Etymology
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demography (n.)

"that branch of anthropology which studies life-conditions of a people by its vital and social statistics," 1880, from Greek dēmos "people" (see demotic) + -graphy.

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demographics (n.)
1967, the science of divining from demographic statistics; see demography + -ics. Originally in reference to TV audiences and advertisers.
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demographic (adj.)

1882, "of or pertaining to demography," from demography + -ic. As a noun, by 1998, short for demographic group or category. Related: Demographical; demographically; demographer (1877).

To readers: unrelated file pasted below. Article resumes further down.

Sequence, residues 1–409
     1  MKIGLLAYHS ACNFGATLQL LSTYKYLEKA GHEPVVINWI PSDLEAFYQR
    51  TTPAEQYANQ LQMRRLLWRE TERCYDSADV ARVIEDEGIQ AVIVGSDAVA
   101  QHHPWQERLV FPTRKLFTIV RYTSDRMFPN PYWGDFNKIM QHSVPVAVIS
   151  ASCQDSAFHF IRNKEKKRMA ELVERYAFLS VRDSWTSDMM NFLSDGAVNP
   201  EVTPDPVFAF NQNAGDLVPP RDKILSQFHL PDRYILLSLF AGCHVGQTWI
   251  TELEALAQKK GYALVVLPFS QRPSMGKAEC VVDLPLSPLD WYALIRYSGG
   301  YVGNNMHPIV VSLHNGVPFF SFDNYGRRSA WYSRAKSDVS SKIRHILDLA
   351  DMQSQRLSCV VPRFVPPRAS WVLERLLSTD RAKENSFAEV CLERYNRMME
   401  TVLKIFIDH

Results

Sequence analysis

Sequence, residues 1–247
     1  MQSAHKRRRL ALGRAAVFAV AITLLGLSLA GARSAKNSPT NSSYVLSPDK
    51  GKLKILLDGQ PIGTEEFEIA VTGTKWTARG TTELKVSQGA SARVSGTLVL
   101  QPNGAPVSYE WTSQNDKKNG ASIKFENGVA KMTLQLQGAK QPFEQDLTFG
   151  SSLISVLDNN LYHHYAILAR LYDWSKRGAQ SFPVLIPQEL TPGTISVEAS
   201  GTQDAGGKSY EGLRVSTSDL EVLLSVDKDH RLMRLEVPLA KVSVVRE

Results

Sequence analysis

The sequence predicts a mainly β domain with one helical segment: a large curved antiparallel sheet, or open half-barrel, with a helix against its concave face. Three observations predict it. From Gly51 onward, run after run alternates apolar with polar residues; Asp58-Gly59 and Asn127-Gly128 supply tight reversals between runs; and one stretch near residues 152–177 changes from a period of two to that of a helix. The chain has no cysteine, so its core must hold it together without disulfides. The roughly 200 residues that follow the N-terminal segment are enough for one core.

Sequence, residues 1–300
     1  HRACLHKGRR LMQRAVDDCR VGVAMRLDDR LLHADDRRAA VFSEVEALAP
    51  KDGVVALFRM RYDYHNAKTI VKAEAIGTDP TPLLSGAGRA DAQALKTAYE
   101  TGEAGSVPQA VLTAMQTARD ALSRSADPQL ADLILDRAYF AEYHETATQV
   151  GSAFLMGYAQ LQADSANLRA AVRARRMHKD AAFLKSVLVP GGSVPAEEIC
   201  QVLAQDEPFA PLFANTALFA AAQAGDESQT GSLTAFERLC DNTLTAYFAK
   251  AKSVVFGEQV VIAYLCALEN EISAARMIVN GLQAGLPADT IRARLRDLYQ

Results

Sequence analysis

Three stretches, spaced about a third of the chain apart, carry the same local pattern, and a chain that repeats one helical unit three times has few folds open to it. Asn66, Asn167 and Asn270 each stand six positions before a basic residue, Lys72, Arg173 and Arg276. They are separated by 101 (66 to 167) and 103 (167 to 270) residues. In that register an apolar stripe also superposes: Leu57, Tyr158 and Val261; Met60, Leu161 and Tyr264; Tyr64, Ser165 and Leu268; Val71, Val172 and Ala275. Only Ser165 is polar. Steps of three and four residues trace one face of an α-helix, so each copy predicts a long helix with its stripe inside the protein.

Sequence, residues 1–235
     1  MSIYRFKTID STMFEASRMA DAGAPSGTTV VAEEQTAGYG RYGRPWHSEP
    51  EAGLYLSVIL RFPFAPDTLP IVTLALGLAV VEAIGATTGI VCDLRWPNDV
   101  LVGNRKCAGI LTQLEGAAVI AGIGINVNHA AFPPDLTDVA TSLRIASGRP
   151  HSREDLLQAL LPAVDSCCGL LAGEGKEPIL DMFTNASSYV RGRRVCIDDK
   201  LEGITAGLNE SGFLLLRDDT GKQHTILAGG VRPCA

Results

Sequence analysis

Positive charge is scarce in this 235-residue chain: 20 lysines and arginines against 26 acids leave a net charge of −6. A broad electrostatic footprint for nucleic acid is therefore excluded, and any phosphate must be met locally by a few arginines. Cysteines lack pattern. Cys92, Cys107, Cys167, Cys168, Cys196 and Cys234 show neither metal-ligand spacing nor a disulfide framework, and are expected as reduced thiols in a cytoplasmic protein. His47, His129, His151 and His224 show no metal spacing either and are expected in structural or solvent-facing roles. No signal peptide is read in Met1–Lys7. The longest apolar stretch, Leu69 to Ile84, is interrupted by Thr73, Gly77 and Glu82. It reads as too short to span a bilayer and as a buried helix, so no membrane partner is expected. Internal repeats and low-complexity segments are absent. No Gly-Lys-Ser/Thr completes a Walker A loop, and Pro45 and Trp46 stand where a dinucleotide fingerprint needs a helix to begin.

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*da- 

*dā-, Proto-Indo-European root meaning "to divide."

It forms all or part of: betide; daimon; Damocles; deal (v.); deal (n.1) "part, portion;" demagogue; demiurge; democracy; demography; demon; demotic; dole; endemic; epidemic; eudaemonic; geodesic; geodesy; ordeal; pandemic; pandemonium; tidal; tide (n.) "rise and fall of the sea;" tidings; tidy; time; zeitgeist.

It is the hypothetical source of/evidence for its existence is provided by: Sanskrit dati "cuts, divides;" Greek dēmos "people, land," perhaps literally "division of society," daiesthai "to divide;" Old Irish dam "troop, company;" Old English tid "point or portion of time," German Zeit "time."

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